An epic account of the life of Cree matriarch Aline Spears that spans generations, Marie Clements’ Bones of Crows is a powerful indictment of the abuse of Indigenous peoples as well as a stirring story of resilience and resistance.

This programme contains scenes that may distress some viewers, especially those who have experienced harm, abuse, violence, and/or intergenerational trauma due to colonial practices.

Support is available 24 hours a day for anyone affected by their experience at residential schools and for those who may be triggered by content dealing with residential schools, child abuse, emotional trauma, and racism. The national Indian Residential Schools Crisis Line is available at 1-866-925-4419.


Canada, 2022
English, Cree, ʔayʔajuθəm, Italian
WORLD PREMIERE
127 minutes
Director
Marie Clements
Cast
Grace Dove, Phillip Forest Lewitski, Alyssa Wapanatâhk, Michelle Thrush, Glen Gould, Gail Maurice, Carla Rae, Cara Gee, Rémy Girard, Karine Vanasse, Jonathon Whitesell, Patrick Garrow, Summer Testawich, Sierra McRae, Tanaya Beatty, Joshua Odjick, Alanis Obomsawin


TIFF22 review: ‘MY SAILOR, MY LOVE’ boasts beautifully complex performances.

MY SAILOR, MY LOVE

In Klaus Härö‘s TIFF22 feature, My Sailor, My Love, Grace hires a much-needed housekeeper for her curmudgeonly father, Howard. When Annie enters their lives, the family dynamic reaches a breaking point.

The friction between Howard and Grace slowly comes to light. Grace’s bitterness towards Annie stems from an inability to let her father move on in life. As his lifelong caretaker, her deep-seated resentment proves a daunting hurdle for everyone. Catherine Walker gives a nuanced performance. You can feel the weary weight of the years. Anyone who has cared for an aging family member will recognize emotional exhaustion and perhaps a touch of martyrdom. Walker bears all in the role.

This endearing later-stage love story is as lovely as can be. Annie and Howard’s earnest chemistry come to life with the extraordinary performances by James Cosmo and Bríd Brennan. Beautifully paced histories of their former selves lend to its authenticity. So much of the script occurs in things unsaid.

Brennan plays Annie with a generous disposition. Anyone would be lucky to have her as a scene partner. Her presence fills the screen with warmth. Brennan is spectacular.

Howard exists through the emotional redemption of James Cosmo. Cosmo gives us every bit of himself as a man mired in hurt, fear, and shame. As Howard, he longs for happiness and must come to terms with past regressions to heal. It is an award-worthy turn.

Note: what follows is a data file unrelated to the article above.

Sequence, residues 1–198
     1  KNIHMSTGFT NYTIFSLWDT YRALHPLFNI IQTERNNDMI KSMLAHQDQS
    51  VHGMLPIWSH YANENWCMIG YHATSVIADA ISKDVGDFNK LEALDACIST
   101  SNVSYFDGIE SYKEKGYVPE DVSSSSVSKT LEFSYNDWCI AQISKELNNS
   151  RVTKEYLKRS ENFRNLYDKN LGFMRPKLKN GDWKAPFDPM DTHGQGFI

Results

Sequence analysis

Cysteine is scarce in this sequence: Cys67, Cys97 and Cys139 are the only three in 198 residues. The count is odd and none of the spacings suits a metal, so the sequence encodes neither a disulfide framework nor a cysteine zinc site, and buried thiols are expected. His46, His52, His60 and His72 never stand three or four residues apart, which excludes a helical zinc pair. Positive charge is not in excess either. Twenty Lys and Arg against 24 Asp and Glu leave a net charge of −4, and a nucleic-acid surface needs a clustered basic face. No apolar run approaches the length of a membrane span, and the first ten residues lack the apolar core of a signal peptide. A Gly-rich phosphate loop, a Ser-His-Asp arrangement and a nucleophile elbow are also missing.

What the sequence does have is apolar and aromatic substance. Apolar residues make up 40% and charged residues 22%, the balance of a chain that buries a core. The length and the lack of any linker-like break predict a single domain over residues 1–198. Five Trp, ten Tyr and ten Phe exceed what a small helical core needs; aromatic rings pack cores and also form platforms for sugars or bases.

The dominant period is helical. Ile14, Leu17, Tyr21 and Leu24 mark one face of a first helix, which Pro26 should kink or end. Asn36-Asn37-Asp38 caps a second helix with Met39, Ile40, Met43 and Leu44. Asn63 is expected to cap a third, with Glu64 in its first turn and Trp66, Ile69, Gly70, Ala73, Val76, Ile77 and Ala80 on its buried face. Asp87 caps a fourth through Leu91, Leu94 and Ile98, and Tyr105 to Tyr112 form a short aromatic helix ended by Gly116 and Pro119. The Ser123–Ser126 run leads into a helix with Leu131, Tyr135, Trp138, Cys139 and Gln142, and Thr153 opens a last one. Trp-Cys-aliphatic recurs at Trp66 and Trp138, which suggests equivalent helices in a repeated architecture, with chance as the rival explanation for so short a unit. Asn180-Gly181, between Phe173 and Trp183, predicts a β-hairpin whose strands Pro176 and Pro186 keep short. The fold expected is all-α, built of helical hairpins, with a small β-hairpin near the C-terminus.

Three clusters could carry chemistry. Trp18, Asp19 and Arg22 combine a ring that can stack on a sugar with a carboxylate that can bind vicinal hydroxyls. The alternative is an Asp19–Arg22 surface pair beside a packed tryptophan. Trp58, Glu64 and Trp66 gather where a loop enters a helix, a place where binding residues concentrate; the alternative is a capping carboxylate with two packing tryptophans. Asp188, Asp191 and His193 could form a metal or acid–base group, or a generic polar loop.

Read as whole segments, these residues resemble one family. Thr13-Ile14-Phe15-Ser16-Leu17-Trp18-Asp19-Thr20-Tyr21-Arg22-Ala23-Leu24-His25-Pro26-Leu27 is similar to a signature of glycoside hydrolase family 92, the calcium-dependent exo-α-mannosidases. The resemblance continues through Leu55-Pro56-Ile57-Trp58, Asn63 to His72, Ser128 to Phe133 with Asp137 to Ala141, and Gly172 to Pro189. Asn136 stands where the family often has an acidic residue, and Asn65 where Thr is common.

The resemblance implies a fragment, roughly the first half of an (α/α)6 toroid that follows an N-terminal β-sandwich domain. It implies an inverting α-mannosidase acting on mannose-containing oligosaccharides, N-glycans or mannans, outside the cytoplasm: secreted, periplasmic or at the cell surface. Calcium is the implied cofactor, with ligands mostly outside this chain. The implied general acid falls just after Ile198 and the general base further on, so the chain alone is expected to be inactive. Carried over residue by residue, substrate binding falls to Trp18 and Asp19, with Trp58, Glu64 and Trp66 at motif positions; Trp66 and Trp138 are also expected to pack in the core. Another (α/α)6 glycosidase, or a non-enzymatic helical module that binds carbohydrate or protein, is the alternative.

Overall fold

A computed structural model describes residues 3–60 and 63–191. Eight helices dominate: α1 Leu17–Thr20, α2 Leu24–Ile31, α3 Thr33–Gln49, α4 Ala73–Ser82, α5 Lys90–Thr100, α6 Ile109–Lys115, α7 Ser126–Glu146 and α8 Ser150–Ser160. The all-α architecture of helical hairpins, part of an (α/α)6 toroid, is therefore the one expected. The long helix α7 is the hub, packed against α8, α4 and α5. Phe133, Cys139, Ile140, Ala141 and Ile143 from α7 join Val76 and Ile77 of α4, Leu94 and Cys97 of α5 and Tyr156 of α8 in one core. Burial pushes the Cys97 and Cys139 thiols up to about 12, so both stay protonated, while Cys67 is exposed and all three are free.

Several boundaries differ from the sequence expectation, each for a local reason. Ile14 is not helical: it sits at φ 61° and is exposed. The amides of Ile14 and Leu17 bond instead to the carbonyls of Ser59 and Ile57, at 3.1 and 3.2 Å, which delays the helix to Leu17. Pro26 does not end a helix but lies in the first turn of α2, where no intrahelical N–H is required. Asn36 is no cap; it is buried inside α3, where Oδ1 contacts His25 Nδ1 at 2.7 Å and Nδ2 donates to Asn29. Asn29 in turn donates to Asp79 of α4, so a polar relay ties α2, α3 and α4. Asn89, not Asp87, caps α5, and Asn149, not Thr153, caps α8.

The score from Michelino Bisceglia has a classic elegance. The thoughtful cinematography by Robert Nordström includes breathtaking ariel views and impactful tracking shots. The care and intention are impossible to miss. My Sailor, My Love will capture the hearts of TIFF22 audiences.


Finland, Ireland, 2022
English
WORLD PREMIERE
103 minutes
Director
Klaus Härö
Cast
James Cosmo, Bríd Brennan, Catherine Walker


Film lovers unite! TIFF 2022 is upon us. Here’s what we’re excited to see. #TIFF22

TORONTO INTERNATIONAL FILM FESTIVAL 2022 has arrived! This year there is a little bit (or a lot) for everyone, from In Conversation With Taylor Swift and a screening of All Too Well: The Short Film on 35mm, Viola Davis in The Woman King, to the Midnight Madness world premiere of Weird: The Al Yankovic Story. TIFF never disappoints and this year, in its 47th edition, the stars come out to entertain the masses. With so many options, here are a few titles we’re keeping our eyes on.


CHARCOAL (PLATFORM SECTION–WORLD PREMIERE)

Brazil, 2022. In a remote area in São Paulo’s countryside, a rural family who lives beside a charcoal factory accepts a proposal to host a mysterious foreigner. The home soon becomes a hideout as the so-called guest happens to be a highly wanted drug lord. The mother, her husband and child will have to learn how to share the same roof with this stranger, while keeping up appearances of an unchanged peasant routine.

Writer-director Carolina Markowicz has had many of her short films play the festival. This will be her feature debut and I cannot wait to experience her storytelling in long form.


BONES OF CROWS (Contemporary World Cinema, World Premiere)

 

Unfolding over 100 years, BONES OF CROWS is a feature film told through the eyes of Cree Matriarch Aline Spears as she survives a childhood in Canada’s residential school system to continue her family’s generational fight in the face of systemic starvation, racism, and sexual abuse.

We’re all aware by now of the horror stories of the children forced to live in Canada’s residential schools. So much so that the Pope apologized for the abuse the children endured after innumerable graves were discovered on the former grounds. Bones of Crows is a vastly important story.

*This program contains scenes that may distress some viewers, especially those who have experienced harm, abuse, violence, and/or intergenerational trauma due to colonial practices.

Support is available 24 hours a day for anyone affected by their experience at residential schools and for those who may be triggered by content dealing with residential schools, child abuse, emotional trauma, and racism. The national Indian Residential Schools Crisis Line is available at 1-866-925-4419.


BROTHER (Special Presentations, World Premiere)